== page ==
Lurie has documented communities living in the so-called informal sector beyond the control of state taxes, licences and bureaucrats.
This group of people comprise more than 70 percent of our urban populations in SA and Noero says this exhibits an extraordinary resilience and creativity in managing to survive under the most difficult circumstances.
The photographer, Lurie, says that in research for the exhibition he discovered that the majority of the world’s population now live in cities.
“Out of a world population of 7 billion, 1 billion people live in slums and more than 1 billion are informal workers, struggling to survive. These figures are staggering if you consider that 95 percent of the future growth of humanity will occur in cities – overwhelmingly in poor cities – and most of it in slums, creating a crisis for this global urban, informal working class, or mass unemployed people – especially, but not only, in the developing world – who have no formal connection to the world economy, and no chance of ever having such a connection.
“Inexorable forces are expelling people from rural areas, most of whom migrate to urban slums on the peripheries of cities.”
Mass movement from countryside to cities is not new, but what is new – aside from the sheer magnitude of this movement – is how it is driven not by industrialisation or even economic growth but by sheer desperation.
Recent studies (for example, The Challenge of Slums by UN-Habitat and Planet of Slums by Mike Davis) have alerted us to the fact that the global urban unemployment crisis is as serious a threat as climate change to our collective future.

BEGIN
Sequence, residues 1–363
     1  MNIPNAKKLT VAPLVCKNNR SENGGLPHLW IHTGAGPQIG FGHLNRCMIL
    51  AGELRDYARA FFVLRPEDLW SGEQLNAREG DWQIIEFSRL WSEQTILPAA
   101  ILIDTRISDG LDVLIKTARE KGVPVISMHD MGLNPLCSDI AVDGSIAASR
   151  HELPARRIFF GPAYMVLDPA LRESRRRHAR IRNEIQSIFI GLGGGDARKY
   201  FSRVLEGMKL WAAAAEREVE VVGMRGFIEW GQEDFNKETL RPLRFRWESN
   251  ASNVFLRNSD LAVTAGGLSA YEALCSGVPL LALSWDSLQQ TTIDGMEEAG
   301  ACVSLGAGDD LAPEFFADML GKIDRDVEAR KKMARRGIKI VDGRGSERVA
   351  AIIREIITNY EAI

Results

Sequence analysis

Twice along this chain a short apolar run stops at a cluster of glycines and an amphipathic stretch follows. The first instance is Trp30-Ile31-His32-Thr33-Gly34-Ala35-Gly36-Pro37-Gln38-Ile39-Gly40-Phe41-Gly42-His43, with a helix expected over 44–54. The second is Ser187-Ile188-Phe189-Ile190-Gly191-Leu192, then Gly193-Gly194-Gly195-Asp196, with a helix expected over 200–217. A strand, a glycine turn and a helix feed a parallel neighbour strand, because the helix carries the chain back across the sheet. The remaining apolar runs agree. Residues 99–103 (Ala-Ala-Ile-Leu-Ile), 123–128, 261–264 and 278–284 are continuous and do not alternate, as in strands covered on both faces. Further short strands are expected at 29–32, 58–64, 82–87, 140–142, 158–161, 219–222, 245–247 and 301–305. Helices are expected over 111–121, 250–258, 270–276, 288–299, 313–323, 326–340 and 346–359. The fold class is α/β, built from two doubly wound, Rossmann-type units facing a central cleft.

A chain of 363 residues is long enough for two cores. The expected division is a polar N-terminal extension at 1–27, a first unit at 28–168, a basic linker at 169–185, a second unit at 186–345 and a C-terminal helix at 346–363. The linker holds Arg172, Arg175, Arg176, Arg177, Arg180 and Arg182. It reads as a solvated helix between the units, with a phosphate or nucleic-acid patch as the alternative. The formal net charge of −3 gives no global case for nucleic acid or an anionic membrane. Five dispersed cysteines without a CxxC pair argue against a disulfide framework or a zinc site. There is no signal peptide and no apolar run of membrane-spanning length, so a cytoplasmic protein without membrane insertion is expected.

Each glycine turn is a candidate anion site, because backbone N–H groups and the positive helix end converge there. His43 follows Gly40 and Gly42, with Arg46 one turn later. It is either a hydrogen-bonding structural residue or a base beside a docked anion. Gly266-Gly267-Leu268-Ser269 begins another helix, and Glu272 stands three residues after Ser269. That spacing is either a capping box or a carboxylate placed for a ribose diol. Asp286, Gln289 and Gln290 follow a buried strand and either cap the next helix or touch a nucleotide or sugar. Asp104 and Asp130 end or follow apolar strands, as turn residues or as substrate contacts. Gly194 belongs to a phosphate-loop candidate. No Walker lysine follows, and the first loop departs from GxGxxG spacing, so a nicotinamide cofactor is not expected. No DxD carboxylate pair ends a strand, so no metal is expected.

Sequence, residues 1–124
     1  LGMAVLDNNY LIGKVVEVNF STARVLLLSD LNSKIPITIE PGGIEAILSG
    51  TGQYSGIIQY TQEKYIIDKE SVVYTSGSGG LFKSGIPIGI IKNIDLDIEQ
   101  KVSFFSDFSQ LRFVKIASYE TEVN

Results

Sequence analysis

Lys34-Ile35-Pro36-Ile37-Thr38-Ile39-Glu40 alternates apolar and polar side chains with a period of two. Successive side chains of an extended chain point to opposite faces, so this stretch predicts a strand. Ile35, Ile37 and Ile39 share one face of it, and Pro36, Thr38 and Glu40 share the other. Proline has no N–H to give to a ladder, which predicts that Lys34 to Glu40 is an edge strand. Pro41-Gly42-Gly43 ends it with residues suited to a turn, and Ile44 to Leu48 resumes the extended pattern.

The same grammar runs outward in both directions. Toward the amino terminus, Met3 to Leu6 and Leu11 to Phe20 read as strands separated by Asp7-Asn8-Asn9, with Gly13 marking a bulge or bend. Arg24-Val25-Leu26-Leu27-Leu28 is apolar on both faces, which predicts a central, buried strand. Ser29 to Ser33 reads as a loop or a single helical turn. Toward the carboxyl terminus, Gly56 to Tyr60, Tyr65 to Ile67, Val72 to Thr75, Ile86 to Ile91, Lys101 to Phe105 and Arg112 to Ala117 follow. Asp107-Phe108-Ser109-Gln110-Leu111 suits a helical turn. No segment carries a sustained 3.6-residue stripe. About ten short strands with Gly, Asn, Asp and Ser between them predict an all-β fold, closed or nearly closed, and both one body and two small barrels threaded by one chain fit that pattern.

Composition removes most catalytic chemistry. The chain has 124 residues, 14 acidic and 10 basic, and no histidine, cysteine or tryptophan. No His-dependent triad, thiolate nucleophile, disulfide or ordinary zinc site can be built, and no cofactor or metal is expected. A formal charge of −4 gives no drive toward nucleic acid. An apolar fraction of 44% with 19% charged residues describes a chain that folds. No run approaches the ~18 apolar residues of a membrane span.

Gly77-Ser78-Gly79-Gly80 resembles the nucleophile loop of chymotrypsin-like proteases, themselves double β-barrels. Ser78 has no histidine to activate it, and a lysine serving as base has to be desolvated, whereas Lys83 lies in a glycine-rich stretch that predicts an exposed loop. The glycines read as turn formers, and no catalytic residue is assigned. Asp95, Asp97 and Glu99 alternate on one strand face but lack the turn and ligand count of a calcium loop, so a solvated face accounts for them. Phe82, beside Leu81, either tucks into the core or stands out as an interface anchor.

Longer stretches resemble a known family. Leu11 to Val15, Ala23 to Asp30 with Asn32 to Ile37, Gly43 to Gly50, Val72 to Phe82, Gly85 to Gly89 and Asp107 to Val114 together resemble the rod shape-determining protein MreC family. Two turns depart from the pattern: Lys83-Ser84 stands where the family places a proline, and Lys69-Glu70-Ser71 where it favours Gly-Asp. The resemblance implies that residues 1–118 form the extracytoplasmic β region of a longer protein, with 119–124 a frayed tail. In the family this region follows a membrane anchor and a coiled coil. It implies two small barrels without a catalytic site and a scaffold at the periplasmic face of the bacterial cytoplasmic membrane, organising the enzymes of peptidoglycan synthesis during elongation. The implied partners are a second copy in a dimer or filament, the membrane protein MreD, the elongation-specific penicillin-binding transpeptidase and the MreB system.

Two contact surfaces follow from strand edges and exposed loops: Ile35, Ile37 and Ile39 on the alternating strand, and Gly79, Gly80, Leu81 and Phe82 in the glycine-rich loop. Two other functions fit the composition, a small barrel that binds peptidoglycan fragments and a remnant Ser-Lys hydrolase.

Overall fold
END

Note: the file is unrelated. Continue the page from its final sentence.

They have sounded an authoritative warning about the worldwide catastrophe of urban poverty. The informal proletariat constitutes the fastest-growing social class on earth, the truly “excluded”.
This phenomenon, which has been driven by neo-liberal economic policies and a thoroughgoing retreat of the state, clearly deserves more attention than it is getting from urban planners, sociologists, environmentalists, epidemiologists and demographers.
Lurie says that Cape Town mirrors many of the problems facing other African cities and cities in the developing world.
“These photographs are an attempt to distil my experience of these fragments of life, of unfinished stories on the precipice beyond the edge of Cape Town.
“It is a study in informal survival, in a world of unstable, sprawling squatter camps, informal settlements, garbage hills, and the sand dunes of the Cape Flats, (and more recently, for me, in Hout Bay) where urbanisation has been disconnected from industrialisation and even from economic growth,” says Lurie.
These images are from Lurie’s new book, to be published by Fourth Wall Publishing in 2013.
l Encounters at the Edge can be seen at The Photographers Gallery za, 63 Shortmarket Street, until tomorrow. It tours to the Contemporary Art Fair, Zurich, in October, then the Bekris Gallery, San Francisco in November. Call 021 422 2762.